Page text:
He came to the US when he was three from Peru. His parents traveled to the US on a Tourist Visa. When the Visa expired he and his parents stayed. His family started a new life in San Francisco. When he first started out in comedy a lot of his material was kinda observational – funny, but nothing with a super distinct voice or perspective. Which isn’t unusual for a lot of new comics.
But that changed in November of 2016, after the election. With a new administration, the residency status of the folks covered by DACA became uncertain. The new US elected president promised to implement some of the strictest immigration policies in history, and to repeal the DACA policy he was protected under.
As you might expect it was at this point that Johan says he wasn’t feeling to hot about the government having his fingerprints and information. But in a way, it’s what gave him the courage to find his voice and be talk honestly during his stand-up routine. And it’s really funny, of course!
He’ll talk about what it was like to finally get his driver’s license after he was approved for DACA, and going to barber school only to find out he needed a social security number at the end of the program. We’ll also learn about the material he was working on before the election – some unused material about the movie “Titanic” – get a preview of the bit, which he says might be working back into his set after this interview.
If you’re in LA this weekend you can check out his new one man show, “Why Johan Miranda Should Be Deported,” this Friday, July 27 at the Lyric Hyperion Theatre & Cafe.
“Winter’s Bone” was sort of a modern film noir, except instead of LA or New York, it was set in the Ozarks. And instead of a fedora wearing gumshoe, it followed a 17 year old girl as she pieced together the story behind her father’s disappearance. Ree Dolly walked through burned out meth labs, negotiated with crime families, bail bondsmen and cops. And, of course: Ree Dolly was played by Jennifer Lawrence. It was her first ever starring role.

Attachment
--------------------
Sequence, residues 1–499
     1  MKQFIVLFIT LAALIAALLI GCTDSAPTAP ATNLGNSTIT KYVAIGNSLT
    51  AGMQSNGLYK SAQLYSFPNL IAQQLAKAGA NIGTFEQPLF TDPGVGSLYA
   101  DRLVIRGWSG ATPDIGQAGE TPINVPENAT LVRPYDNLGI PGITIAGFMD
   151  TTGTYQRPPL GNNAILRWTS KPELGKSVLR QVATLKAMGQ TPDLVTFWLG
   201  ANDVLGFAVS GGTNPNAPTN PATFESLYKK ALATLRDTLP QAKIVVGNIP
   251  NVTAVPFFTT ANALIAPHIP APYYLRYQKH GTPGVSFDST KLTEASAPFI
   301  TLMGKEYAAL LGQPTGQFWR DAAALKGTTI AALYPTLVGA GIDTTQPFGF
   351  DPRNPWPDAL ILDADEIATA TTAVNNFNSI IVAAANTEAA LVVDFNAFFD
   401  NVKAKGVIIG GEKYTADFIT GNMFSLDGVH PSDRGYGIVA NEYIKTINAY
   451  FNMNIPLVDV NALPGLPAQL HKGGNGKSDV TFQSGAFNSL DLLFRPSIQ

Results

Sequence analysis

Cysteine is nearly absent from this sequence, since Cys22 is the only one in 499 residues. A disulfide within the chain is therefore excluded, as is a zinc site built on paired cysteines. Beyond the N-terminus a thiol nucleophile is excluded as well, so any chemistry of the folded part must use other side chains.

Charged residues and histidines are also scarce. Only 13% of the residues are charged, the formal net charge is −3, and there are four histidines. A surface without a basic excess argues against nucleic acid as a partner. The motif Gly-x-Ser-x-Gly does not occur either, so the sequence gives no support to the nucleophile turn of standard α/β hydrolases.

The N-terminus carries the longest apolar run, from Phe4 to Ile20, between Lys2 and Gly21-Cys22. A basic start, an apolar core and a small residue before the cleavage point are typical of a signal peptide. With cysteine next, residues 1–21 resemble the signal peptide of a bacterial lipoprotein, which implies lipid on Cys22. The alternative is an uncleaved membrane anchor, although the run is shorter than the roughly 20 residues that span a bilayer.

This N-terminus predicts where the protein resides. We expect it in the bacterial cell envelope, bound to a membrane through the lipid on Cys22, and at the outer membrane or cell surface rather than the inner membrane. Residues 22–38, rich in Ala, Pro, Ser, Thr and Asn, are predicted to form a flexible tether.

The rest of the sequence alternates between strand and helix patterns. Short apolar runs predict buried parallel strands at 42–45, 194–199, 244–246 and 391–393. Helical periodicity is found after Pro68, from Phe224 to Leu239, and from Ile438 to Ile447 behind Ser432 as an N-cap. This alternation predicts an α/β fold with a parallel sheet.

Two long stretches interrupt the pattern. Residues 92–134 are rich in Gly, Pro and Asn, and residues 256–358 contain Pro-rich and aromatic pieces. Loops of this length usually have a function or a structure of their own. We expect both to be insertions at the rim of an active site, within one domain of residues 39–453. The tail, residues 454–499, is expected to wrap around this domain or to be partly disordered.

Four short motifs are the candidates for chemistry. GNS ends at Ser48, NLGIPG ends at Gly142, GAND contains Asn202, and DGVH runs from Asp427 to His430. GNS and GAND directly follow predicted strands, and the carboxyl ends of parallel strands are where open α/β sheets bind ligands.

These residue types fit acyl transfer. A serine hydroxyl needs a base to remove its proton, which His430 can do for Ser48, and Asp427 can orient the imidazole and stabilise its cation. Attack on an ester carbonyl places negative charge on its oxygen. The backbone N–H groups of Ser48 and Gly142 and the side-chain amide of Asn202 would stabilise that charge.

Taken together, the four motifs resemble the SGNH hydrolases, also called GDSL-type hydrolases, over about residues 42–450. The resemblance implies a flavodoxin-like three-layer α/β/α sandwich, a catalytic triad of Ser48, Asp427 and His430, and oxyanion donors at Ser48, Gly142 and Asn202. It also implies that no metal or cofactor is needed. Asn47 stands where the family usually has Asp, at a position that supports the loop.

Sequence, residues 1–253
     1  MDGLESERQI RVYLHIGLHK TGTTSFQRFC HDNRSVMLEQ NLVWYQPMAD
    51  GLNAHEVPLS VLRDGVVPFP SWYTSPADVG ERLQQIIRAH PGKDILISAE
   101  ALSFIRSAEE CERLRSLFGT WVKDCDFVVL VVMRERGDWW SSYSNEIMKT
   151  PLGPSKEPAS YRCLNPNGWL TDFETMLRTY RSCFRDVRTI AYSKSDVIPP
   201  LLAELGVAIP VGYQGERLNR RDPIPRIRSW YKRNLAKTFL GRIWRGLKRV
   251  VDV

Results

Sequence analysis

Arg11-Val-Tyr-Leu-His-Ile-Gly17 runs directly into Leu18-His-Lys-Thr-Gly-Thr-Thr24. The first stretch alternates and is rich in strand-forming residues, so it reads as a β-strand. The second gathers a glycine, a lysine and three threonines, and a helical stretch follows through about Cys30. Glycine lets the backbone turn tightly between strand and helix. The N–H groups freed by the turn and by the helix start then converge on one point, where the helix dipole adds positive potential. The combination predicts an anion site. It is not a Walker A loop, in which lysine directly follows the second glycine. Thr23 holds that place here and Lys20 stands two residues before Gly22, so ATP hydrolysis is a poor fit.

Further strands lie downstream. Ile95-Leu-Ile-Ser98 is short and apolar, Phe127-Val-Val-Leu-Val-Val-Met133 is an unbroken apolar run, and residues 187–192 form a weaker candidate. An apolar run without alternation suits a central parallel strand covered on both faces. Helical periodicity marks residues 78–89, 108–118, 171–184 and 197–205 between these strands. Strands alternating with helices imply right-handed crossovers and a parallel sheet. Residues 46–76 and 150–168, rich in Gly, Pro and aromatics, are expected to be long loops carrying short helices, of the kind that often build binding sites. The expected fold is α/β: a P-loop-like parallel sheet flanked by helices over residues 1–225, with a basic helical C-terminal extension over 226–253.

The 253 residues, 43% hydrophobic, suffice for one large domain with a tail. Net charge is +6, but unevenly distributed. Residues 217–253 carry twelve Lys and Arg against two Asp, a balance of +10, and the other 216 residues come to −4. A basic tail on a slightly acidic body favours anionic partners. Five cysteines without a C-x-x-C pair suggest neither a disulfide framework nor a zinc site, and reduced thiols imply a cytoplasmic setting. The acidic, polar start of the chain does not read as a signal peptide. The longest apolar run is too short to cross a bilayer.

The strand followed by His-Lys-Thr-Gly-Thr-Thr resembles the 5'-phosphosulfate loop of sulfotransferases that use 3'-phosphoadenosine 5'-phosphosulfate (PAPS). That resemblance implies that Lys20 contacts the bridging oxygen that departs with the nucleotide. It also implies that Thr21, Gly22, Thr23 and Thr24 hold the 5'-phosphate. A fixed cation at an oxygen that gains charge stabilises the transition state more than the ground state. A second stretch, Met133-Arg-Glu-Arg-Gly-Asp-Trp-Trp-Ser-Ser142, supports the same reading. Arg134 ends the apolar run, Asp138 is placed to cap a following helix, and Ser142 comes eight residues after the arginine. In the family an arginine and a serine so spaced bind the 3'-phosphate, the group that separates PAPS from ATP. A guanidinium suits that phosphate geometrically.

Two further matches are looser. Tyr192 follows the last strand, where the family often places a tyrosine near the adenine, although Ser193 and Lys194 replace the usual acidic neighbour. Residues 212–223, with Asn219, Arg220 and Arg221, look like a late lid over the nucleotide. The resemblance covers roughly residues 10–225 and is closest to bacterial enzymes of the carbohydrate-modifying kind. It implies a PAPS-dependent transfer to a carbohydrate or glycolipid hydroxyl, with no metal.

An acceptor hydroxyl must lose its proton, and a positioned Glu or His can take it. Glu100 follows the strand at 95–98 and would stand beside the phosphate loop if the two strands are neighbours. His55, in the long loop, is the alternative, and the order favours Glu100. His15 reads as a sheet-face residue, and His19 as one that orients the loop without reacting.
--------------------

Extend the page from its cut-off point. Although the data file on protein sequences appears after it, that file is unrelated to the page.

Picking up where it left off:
Like Winter’s Bone, her new film “Leave No Trace” puts a compelling but compassionate focus on marginalized groups – one of the main threads is a combat veteran’s struggle with trauma and homelessness.
It tells the story of a father and daughter who live entirely off the grid in a nature reserve not far from Portland, Oregon. The film detail regular life for Will (Ben Foster) and his daughter Tom (Thomasin McKenzie, another new actor). They forage and cook mushrooms. Will teaches Tom to play chess. They build fires for warmth. The way they live is peaceful, but not exactly legal. They are discovered in the woods by the police and social workers get involved, offering housing, work, school. But as you might imagine, it’s a tough transition – especially for Will.
Debra Granik talks about the process of making her new film at length. Debra is also working on a film based on the book “Nickeled and Dimed,” which is a thoroughly investigated, brilliant work of nonfiction about the impact of the 1996 welfare reform act on the working poor in the US. She’ll tell us how she plans to turn that into a narrative film. Plus, she explain what she learned about film making from being wedding videographer long before she was a film director.
About the show
Bullseye is a celebration of the best of arts and culture in public radio form. Host Jesse Thorn sifts the wheat from the chaff to bring you in-depth interviews with the most revered and revolutionary minds in our culture.
Bullseye has been featured in Time, The New York Times, GQ and McSweeney’s, which called it “the kind of show people listen to in a more perfect world.” Since April 2013, the show has been distributed by NPR.
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